PR VICTORIES: So I'm reading a piece in The New York Times about the growing influence of The Weekly Standard, a well-known neocon rag. And there I see that Bill Kristol has written a book called The War Over Iraq "with Lawrence F. Kaplan, a senior editor at The New Republic. The collaboration with a writer from a magazine identified with the Democratic Party is one more symptom of The Weekly Standard's transformation from outré journal of the right to the Boswell of the new global agenda."
Coming after the Observer's article about The New Republic's alleged new "daringness" -- represented by stances that break with neither conventional wisdom nor the mag's long-stated positions of the last decade -- this is too much to bear. I've been reading Kaplan's articles for several years now, and on foreign policy at least -- that is, on the one topic he ever seems to write about -- his views are completely indistinguishable from Kristol's and those of Kristol ally Robert Kagan. Indeed, I've sometimes slipped and said Kagan's name when I meant Kaplan's, and vice versa. The fact that he would write a book on Iraq with Bill Kristol represents no political realignment whatsoever. The New Republic and The Weekly Standard may disagree on taxes, but on foreign policy they are as one, and were so even when the Standard was allegedly an "outré journal of the right."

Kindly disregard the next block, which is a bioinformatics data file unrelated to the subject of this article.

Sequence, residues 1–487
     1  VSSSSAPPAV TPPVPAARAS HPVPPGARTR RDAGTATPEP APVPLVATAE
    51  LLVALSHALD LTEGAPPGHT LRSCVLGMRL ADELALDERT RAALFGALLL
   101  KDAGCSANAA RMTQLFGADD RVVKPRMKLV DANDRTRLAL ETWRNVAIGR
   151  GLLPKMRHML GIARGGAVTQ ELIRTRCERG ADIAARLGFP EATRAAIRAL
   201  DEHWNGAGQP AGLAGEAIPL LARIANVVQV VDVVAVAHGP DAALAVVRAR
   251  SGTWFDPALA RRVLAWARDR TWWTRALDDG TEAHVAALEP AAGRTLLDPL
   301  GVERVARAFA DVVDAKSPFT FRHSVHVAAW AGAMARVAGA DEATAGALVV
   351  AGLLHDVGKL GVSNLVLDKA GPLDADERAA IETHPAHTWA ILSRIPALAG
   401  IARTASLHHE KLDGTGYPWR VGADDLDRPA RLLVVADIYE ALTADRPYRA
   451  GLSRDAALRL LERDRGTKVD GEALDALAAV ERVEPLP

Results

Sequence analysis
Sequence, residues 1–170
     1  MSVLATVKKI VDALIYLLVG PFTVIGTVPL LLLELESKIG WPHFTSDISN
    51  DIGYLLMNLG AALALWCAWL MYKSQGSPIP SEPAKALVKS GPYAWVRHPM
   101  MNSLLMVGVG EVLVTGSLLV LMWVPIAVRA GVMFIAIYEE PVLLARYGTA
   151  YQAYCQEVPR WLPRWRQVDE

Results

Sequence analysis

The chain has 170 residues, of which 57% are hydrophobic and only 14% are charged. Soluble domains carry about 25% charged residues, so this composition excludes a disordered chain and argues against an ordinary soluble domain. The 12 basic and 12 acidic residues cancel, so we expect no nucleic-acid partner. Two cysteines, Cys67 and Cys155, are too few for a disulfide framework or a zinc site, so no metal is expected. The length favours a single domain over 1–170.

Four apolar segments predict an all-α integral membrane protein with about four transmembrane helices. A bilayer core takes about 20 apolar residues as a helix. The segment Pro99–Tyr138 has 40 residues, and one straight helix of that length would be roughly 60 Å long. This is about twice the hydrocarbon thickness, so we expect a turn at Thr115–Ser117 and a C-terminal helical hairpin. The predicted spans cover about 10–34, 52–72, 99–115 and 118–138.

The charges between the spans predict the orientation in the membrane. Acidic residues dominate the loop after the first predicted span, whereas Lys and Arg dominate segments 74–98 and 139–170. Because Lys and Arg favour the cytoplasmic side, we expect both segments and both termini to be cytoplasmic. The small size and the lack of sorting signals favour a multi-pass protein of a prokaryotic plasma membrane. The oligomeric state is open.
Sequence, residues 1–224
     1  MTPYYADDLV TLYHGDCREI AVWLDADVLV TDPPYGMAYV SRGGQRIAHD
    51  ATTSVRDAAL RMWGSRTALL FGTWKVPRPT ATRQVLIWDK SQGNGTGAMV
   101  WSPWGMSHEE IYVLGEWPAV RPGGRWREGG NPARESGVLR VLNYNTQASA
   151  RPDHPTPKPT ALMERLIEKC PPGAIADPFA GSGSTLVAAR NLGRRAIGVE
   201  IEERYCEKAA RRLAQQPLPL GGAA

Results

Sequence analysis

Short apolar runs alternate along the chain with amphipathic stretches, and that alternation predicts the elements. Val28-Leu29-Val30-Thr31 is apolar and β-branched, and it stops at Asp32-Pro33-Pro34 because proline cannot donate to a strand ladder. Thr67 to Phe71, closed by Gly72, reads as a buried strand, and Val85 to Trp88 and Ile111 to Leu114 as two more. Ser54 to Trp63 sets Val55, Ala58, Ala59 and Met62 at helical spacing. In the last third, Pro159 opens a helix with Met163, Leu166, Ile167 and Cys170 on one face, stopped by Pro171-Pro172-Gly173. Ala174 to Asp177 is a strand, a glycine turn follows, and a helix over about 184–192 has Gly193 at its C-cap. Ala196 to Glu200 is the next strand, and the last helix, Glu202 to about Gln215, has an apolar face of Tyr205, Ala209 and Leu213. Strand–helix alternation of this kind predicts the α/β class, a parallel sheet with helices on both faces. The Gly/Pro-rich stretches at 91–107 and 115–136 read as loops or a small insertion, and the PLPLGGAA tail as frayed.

Why do I get the impression that some reporters assigned to cover magazines never read the publications they're writing about? The real story here isn't the increasing influence of the Standard or The New Republic's willingness to say purportedly daring things. It's the ability of magazines' PR people to sell other journals' writers on stories that are obviously untrue.